BEIJING (XINHUA) - With the Group of 20 (G-20) Buenos Aires Summit right around the corner, trade experts have called for joint efforts from major economies to support and safeguard multilateral trading in response to increasing challenges posed by protectionism and unilateralism.
This year's meeting, themed "building consensus for fair and sustainable development", runs from Friday (Nov 30) to Saturday, in Argentina.
Among a wide range of issues on the table for the gathering of leaders of G-20 countries, the 13th since the first one took place in 2008 in response to the global financial crisis, global trade will be in the spotlight.
"The world hopes G-20 members can remain cohesive and proactive, hold open, in-depth and constructive dialogue, and inject new impetus to global economic and trade growth," said Mr Zhang Yuyan, director of the Institute of World Economics and Politics under the Chinese Academy of Social Sciences.
The summit comes against the backdrop of globalisation suffering setbacks and multilateralism under assault.
The World Trade Organisation (WTO) said on Monday that the global trade growth is likely to slow further into the fourth quarter of this year as its export orders index is approaching the weakest point recorded in 2012 and indices for automobile, electronic components, and agricultural raw materials have moved to below trend.
The Geneva-based international organisation warned that tension between major trading partners increasingly threatens economic growth.
Given the grim situation, calls for actions are on the rise.
"The G-20 members, accounting for 86 per cent of global GDP and 80 per cent of aggregate trade volume, should continue to expand international economic cooperation and improve macro policy coordination," said Mr Ruan Zongze, executive vice-president of the China Institute of International Studies.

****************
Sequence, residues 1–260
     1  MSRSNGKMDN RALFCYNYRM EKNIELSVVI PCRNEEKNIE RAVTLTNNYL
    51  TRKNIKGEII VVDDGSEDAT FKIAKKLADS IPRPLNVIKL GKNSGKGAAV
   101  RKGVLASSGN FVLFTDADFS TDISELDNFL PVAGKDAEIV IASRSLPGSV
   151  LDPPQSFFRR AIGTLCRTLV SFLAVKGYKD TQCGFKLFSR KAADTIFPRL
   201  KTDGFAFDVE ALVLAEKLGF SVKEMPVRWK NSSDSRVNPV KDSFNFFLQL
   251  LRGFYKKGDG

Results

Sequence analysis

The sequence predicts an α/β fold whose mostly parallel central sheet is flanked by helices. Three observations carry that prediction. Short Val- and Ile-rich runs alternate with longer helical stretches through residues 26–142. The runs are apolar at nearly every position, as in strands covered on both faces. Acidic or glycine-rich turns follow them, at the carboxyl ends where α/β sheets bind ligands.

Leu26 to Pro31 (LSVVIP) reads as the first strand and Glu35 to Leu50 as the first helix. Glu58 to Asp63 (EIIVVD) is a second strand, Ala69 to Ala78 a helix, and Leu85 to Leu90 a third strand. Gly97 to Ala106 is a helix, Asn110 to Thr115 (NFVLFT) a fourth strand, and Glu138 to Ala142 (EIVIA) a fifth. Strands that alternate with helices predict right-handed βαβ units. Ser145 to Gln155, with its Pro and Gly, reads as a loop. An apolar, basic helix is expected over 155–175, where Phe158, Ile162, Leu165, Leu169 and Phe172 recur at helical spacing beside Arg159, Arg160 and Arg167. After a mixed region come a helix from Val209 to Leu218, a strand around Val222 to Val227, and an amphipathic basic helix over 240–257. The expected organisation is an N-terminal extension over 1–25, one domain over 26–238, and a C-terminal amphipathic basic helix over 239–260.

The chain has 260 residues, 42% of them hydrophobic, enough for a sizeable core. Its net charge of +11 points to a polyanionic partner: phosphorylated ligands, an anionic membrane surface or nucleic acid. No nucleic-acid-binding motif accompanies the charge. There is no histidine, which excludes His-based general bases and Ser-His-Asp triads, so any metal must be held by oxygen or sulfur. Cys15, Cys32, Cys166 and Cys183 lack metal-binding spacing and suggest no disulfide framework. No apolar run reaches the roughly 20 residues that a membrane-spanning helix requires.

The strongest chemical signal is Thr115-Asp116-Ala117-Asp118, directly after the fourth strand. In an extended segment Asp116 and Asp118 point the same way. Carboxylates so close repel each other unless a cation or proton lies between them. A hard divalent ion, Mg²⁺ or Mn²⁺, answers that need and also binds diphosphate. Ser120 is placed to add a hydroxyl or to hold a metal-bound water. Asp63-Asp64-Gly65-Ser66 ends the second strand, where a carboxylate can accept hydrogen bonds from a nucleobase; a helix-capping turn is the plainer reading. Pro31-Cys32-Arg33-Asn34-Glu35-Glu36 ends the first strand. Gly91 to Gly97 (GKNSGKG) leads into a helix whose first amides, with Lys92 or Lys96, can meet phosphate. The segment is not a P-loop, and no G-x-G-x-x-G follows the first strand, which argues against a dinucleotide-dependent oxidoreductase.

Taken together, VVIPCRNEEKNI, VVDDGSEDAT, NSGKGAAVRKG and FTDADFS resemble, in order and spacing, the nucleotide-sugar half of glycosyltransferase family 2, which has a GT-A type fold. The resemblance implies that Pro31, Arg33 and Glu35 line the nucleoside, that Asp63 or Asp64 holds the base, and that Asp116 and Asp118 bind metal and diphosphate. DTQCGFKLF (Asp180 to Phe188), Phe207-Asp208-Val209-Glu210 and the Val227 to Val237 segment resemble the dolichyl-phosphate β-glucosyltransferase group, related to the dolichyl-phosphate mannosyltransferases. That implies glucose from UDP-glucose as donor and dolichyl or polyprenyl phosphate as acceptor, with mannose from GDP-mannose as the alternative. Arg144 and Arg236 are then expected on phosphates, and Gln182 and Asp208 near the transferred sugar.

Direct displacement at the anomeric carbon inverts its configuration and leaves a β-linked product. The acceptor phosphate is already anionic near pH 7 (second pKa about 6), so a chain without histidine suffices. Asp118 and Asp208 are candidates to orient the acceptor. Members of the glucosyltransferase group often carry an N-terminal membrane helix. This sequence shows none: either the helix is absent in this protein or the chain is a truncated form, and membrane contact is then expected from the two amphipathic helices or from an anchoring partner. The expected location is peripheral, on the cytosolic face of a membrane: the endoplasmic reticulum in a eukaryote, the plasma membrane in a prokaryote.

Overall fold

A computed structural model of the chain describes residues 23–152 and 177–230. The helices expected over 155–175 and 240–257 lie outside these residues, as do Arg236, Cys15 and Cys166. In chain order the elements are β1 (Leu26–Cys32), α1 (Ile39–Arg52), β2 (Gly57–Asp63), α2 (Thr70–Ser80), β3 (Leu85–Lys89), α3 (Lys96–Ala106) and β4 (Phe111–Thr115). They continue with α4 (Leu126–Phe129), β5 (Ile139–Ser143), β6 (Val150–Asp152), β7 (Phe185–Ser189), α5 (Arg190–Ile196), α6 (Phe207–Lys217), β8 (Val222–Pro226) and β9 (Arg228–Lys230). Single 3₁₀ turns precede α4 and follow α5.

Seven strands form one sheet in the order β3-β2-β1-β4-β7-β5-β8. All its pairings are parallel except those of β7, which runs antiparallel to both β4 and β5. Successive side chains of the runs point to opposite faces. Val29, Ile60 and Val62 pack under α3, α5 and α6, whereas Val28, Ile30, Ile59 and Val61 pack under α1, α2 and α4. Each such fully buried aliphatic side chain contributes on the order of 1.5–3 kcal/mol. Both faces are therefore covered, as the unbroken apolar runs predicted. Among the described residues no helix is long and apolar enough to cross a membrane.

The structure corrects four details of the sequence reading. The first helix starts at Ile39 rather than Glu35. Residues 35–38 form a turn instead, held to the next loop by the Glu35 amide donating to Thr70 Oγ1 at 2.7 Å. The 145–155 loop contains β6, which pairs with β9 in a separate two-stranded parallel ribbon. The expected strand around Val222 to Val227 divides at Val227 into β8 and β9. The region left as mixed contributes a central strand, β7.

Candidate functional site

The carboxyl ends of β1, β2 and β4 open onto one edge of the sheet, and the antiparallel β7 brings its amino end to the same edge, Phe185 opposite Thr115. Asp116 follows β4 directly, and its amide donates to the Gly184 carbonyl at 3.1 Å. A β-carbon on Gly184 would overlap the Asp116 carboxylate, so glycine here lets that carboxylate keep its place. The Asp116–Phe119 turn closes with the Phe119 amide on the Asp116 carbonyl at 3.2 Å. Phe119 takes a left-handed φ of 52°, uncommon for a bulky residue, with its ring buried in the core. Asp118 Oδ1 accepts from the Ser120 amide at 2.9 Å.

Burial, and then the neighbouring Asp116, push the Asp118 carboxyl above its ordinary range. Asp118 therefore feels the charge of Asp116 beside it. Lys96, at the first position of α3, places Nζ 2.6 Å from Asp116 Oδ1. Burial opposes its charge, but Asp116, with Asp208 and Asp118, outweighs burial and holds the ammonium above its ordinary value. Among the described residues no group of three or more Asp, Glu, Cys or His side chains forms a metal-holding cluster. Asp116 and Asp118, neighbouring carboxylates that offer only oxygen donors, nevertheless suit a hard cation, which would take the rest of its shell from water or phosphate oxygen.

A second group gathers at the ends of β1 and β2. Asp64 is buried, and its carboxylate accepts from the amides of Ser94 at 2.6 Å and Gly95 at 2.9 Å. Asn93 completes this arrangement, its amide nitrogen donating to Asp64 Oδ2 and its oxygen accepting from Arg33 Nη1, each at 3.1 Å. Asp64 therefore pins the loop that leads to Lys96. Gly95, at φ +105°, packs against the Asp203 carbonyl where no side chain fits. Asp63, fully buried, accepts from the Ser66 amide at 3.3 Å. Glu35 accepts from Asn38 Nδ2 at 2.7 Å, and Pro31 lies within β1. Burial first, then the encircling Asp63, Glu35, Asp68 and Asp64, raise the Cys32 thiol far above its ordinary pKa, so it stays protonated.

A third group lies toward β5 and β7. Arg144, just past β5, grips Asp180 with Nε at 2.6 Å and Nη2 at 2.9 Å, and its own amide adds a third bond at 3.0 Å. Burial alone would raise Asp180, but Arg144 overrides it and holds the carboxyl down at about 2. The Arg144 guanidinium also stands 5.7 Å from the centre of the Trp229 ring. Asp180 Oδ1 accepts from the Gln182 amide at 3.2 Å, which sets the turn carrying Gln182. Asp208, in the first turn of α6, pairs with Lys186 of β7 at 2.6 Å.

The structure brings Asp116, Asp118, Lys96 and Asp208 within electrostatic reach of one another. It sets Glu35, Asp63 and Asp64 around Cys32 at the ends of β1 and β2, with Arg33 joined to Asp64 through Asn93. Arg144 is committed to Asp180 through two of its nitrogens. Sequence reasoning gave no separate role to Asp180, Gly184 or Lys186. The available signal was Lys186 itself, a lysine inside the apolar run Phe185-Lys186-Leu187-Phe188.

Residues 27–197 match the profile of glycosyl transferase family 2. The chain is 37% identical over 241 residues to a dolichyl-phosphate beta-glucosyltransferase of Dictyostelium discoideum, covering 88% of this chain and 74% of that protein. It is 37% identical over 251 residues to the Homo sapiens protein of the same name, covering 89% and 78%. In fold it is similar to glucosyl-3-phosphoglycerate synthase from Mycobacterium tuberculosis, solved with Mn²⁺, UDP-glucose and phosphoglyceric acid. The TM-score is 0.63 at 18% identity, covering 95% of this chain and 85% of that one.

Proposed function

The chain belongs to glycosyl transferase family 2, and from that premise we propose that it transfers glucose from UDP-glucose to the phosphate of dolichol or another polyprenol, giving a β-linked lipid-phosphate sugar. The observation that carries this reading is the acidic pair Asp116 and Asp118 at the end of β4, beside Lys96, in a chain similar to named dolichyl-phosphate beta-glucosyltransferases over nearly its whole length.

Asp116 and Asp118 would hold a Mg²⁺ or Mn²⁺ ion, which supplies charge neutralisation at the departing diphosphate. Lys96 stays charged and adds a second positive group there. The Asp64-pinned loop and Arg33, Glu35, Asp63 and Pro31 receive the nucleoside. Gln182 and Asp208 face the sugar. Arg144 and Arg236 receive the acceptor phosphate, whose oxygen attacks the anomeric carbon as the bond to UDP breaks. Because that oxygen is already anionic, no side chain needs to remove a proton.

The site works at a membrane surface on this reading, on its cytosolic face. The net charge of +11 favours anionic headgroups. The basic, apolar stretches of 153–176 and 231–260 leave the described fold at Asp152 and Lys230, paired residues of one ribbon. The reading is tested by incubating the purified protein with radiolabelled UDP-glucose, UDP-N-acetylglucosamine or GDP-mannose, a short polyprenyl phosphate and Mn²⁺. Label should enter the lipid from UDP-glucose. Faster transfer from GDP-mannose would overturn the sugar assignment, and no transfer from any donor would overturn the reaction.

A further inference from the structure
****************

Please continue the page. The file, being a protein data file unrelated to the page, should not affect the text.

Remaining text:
In a signed article published in the Financial Times, Assistant Foreign Minister Zhang Jun reaffirmed China's conviction in upholding free trade and sharing common prosperity with the world, urging efforts to "oppose protectionism in all its forms... safeguard the rules-based multilateral trading system", and let the benefit of trade be "more broadly shared".
"China has sent a clear signal to oppose protectionism and back the multilateral trading system, which will facilitate an open world economy," Mr Ruan said.
Since acceding to the WTO in 2001, China has been a staunch supporter and defender of multilateral trade rules, with continued measures to lower tariffs, open domestic sectors, and expand cooperation with other economies.
The Belt and Road Initiative was proposed to achieve mutual development, and a landmark import expo was held to let the world tap the opportunities from China's enormous, fast-growing market.
In the face of protectionism and unilateralism, the WTO also needs adjustments to ensure its rules catch up with the times.
China advocates necessary reforms in the WTO to make it more authoritative and effective, Vice-Minister of Commerce Wang Shouwen has said.
As WTO members, G-20 economies have the ability and responsibility to discuss problems in global trade and find solutions, Mr Zhang Yuyan said.